Saying What Could Not Be Said


Leave it to a German army colonel who is a student at one of the U.S. war colleges to pose the question to Defense Secretary Chuck Hagel that many in those colleges would have loved to ask -- but couldn't for obvious reasons.

At what served as the end of Hagel's much-touted speech and question-and-answer session at the National Defense University (NDU) at Fort McNair in Washington, the colonel stood to thank the Pentagon and America for the opportunity to broaden his horizons by coming to the U.S. for professional study. He then suggested Hagel delay deployment of a warship, stealth fighter or other expensive piece of equipment in order to continue funding such opportunities for U.S. defense personnel overseas. The NDU crowd roared in approval and Hagel played the moment well and gamely -- he told the colonel he was well on his way to making general and then used the laughter to exit the stage.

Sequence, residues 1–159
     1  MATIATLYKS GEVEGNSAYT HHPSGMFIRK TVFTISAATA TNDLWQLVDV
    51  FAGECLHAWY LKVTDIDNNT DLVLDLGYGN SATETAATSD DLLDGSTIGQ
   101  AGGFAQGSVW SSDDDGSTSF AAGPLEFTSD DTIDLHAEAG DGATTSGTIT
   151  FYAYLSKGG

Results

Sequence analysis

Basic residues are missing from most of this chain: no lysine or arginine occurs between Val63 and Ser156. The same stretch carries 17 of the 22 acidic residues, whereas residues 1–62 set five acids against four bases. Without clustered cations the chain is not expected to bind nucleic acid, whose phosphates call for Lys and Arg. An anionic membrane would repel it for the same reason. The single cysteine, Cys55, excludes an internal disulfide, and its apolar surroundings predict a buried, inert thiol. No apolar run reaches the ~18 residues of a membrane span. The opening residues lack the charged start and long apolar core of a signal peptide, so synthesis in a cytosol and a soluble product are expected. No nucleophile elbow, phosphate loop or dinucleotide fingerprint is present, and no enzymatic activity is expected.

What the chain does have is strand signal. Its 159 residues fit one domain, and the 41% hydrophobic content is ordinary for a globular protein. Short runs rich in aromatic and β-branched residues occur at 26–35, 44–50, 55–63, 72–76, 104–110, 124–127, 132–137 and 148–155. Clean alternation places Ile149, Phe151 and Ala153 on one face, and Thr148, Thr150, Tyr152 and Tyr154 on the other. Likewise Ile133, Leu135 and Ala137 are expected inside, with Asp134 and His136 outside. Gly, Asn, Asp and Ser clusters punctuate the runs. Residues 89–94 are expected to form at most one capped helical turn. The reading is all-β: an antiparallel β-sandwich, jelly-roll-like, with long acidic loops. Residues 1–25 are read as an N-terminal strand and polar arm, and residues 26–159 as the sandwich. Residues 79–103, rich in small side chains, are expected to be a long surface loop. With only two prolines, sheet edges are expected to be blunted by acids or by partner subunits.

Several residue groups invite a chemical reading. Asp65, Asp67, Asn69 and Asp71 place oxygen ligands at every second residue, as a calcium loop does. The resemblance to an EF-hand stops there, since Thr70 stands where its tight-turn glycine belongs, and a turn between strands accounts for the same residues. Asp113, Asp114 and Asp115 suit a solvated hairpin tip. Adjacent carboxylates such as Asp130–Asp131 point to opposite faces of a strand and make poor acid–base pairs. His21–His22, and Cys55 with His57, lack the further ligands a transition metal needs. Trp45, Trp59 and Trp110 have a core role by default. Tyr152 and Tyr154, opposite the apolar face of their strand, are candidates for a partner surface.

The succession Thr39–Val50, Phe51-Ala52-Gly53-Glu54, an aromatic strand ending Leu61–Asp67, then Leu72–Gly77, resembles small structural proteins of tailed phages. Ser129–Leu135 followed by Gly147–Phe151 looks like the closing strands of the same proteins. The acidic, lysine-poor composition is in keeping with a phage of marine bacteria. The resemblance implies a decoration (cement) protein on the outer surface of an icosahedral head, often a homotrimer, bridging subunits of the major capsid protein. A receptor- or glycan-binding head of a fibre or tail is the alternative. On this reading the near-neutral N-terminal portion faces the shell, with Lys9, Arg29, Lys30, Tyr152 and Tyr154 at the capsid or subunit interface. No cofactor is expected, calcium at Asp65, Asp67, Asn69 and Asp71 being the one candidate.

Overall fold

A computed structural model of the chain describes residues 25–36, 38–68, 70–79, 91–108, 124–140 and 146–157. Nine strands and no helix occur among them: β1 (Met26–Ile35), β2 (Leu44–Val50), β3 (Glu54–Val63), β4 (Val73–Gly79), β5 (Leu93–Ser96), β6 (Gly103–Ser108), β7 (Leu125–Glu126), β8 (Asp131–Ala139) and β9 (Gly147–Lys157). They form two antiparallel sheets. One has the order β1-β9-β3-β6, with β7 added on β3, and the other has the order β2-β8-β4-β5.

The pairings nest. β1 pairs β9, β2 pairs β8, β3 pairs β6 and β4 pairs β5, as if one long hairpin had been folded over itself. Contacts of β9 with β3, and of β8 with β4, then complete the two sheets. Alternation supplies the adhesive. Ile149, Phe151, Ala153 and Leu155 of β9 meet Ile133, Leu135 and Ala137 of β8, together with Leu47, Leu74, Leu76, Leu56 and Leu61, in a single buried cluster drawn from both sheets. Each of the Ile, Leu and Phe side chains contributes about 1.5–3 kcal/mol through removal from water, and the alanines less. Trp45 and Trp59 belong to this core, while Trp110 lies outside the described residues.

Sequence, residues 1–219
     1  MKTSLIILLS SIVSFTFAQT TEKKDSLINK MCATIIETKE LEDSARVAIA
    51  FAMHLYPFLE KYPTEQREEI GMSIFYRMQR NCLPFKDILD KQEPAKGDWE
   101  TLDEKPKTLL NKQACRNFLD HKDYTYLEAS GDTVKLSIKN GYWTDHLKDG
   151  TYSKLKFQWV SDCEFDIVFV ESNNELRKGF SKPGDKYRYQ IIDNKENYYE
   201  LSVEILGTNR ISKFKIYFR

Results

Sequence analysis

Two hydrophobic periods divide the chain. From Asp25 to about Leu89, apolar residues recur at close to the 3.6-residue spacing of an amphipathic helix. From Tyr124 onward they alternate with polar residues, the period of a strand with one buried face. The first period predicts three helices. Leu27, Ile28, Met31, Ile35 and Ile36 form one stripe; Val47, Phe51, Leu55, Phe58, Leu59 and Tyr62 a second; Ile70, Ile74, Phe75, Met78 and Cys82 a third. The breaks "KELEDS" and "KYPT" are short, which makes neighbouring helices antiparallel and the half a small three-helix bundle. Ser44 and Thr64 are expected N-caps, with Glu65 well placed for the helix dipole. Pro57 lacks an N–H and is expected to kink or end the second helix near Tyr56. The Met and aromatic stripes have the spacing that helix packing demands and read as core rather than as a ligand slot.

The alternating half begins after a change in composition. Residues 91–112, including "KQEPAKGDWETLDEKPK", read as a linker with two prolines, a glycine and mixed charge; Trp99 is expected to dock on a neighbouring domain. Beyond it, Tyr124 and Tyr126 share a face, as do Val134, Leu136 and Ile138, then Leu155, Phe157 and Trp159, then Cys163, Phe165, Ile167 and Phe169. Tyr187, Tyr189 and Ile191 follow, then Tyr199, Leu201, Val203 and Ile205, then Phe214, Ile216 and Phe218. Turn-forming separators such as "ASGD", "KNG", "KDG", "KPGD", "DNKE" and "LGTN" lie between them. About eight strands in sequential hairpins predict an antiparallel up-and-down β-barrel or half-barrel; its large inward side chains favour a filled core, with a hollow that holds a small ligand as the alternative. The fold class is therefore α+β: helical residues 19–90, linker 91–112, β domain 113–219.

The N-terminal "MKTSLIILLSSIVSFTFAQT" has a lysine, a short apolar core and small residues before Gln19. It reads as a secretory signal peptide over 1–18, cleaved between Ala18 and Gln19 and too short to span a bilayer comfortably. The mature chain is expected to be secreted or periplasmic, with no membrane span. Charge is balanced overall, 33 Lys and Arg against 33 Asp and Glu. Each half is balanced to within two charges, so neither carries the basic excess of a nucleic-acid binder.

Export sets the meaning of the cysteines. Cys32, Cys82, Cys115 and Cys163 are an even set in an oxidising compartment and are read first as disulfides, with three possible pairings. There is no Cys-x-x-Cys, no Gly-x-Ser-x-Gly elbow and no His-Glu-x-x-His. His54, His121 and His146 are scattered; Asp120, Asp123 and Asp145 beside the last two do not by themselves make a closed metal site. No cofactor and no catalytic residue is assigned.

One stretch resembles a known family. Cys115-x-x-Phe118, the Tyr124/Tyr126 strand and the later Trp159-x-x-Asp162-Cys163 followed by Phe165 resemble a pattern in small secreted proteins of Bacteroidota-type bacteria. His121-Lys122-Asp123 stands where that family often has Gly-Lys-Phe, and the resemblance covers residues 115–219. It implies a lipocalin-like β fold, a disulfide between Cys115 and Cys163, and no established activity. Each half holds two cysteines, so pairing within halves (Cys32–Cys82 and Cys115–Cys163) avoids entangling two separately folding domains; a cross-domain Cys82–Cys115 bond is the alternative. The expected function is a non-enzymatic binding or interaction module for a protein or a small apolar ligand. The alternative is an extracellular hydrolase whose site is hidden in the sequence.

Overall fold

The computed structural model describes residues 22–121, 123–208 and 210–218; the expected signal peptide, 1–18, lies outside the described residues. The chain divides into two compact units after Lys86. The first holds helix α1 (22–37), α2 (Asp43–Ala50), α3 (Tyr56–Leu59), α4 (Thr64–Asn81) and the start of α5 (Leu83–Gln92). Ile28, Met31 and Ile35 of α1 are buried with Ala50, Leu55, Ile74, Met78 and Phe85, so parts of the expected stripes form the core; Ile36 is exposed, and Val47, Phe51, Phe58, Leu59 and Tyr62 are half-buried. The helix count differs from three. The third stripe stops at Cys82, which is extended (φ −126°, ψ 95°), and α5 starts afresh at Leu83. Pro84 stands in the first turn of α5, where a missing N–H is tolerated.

Still, the question has serious undertones, of course, as the Pentagon said in February ahead of sequestration taking effect that it was delaying deployment of the aircraft carrier USS Harry S Truman and the guided missile cruiser USS Gettysburg, which had been slated for the Middle East. Indeed, much of the Q&A revolved around furloughs, future entitlement cuts and other budget changes that will impact defense workers.

As for the German colonel's suggestion, Hagel addressed it but earlier, as might be expected of a veteran politician. At the beginning of the Q&A an NDU student asked Hagel why furloughs were going forward -- many other federal agencies have decided not to -- and Hagel responded by noting the unique mission of the Defense Department: i.e., defend the nation.

"Our readiness and capabilities have to always come first," Hagel said.

In other words, right or wrong, defense workers may have to bear the brunt of cuts more than other federal workers.

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